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Local News

  • Weatherman running for school board in Grayson

    INDEPENDENCE — Fred Weatherman of Independence is running for election for the Elk Creek District seat on the Grayson County School Board in the Nov. 5 general election.
    Weatherman, 66, is no stranger to the school board. He served two terms, 1996-2003, including three years as chairman.
    “Our school system is a business,” Weatherman said. “Our product is our kids.”

  • Woodlawn School auctions pieces of history

    The last official Carroll County school system function at the long-standing Woodlawn facility was the surplus auction on Saturday.

  • Hospital helps navigate new healthcare marketplace

    Despite the ongoing battle that has resulted in a deadlock between Congress and President Obama, the next phase of the Affordable Care Act — the new federal health insurance marketplace — entered its third day of open enrollment on Thursday.
    Because of the ongoing controversy and media coverage, the health care law often referred to as  “Obamacare” is known by almost everyone. But even for those who have followed the new law’s progress over the past three years, the rules might still seem pretty confusing.

  • Galax tops tourism spending growth list

    Southwest Virginia reached a milestone in tourism last year, and the numbers confirm that the City of Galax made the top of the list for bringing in more visitors from around the world.
    Traveler spending in Galax increased 71 percent between 2004 and 2012.
    Last year, the Southwest Virginia region generated more than $927 million in travel expenditures, according to an announcement made at the 2013 Southwest Virginia Creative Economy Conference on Sept. 20.

  • Airport adds new manager as terminal work begins

    HILLSVILLE — A retired Air Force mechanic, flight engineer and non-commissioned officer will guide the direction of the Twin County Airport in the future.
    Scott Stansfield has taken on the mission to help the airport become more of a hub of activity and community asset.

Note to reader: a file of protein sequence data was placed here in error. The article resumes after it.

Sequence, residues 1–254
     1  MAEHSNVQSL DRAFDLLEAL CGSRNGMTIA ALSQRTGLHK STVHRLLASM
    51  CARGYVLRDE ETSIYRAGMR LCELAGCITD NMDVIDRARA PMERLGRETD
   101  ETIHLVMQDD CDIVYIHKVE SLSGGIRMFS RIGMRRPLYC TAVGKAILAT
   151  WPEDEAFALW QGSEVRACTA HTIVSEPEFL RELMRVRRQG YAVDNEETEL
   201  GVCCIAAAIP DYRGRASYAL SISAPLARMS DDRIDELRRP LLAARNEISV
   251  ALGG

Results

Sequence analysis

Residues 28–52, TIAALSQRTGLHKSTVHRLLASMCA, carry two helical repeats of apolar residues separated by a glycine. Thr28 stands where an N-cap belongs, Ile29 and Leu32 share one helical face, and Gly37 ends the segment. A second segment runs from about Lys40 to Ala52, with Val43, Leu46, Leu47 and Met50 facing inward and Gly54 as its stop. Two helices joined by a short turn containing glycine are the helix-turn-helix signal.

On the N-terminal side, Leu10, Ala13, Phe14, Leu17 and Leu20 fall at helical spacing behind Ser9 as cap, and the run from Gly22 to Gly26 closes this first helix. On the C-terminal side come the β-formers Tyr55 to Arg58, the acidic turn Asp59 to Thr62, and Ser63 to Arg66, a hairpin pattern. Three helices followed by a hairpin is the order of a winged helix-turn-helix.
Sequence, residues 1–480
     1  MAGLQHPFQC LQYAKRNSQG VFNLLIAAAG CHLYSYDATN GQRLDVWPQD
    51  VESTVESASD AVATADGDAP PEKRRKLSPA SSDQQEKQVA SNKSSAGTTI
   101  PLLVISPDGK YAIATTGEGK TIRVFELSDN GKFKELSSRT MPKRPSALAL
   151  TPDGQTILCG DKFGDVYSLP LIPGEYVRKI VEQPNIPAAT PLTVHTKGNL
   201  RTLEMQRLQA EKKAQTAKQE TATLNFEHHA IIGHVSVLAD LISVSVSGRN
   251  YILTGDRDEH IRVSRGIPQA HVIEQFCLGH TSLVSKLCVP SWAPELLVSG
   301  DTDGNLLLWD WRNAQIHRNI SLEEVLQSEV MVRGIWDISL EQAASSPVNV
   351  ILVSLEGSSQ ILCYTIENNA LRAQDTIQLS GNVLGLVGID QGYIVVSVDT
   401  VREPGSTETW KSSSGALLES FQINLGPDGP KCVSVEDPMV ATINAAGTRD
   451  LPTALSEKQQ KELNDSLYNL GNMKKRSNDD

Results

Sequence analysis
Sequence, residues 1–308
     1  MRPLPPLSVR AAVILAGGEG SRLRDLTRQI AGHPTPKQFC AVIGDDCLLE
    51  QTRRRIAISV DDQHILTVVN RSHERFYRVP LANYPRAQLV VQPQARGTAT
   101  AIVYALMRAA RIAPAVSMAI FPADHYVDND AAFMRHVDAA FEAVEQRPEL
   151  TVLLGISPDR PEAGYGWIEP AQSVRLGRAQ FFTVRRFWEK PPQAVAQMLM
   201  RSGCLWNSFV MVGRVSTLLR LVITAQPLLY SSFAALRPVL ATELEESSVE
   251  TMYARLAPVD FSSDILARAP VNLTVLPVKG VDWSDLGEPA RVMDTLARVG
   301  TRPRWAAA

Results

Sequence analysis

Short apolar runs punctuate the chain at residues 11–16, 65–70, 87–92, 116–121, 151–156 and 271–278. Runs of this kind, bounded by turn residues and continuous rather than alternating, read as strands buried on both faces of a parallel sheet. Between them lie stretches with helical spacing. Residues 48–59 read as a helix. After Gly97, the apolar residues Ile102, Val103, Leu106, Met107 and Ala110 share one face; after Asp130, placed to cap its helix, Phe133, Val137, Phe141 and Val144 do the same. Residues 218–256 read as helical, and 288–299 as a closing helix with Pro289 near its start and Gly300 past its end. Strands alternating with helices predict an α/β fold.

The airport has been making progress in updating its facilities, as shown by the ground-breaking for a modern terminal to replace the one built in the 1960s. Ground was broken the day after Stansfield assumed his duties as manager.

  • Motorcycle accident victims recovering

    Family and friends of two people seriously injured in a motorcycle crash on Sept. 29 report that they are recovering slowly in a Winston-Salem, N.C., hospital.

  • Help is out there for healthcare enrollment

    The much-anticipated new healthcare marketplaces, previously known as exchanges, opened for business on Tuesday.
    Created by the Affordable Care Act, they’re hubs where people who don’t have coverage from government programs or their employers can buy health insurance to take effect next year. That’s when the health law requires most people to be covered or pay a tax penalty.

  • Prison opening came after long wait

    INDEPENDENCE — After years of anticipation and struggles for funding in the General Assembly, River North Correctional Center in Independence officially became operational last week following a ribbon cutting Sept. 25.
    The $105 million, 1,024-bed, medium security (Level 4) facility was open to hundreds of state and local dignitaries and officials for the afternoon ceremony and guided tours of the facility.

  • Art school gets $125K for woodworking studio

    After close to a year of campaigns and grant applications, Chestnut Creek School of the Arts (CCSA) has secured the final funding piece to move forward with a new woodworking studio in Galax.
    The final grant was awarded on Sept. 26 by the Virginia Tobacco Commission in the amount of $125,000; which topped off the required $877,000 needed to get the project started.

  • Grayson holds first candidate forum

    TROUTDALE — The Grange Hall in Grant played host to a full house last Thursday night for the first of three candidate forums in Grayson County leading up to the Nov. 5 election.
    Nine of the 10 candidates who will appear on the Wilson District ballot on Election Day were in attendance. Each candidate was allowed up to seven minutes to talk about their campaigns, and the order of speakers was decided by drawing straws.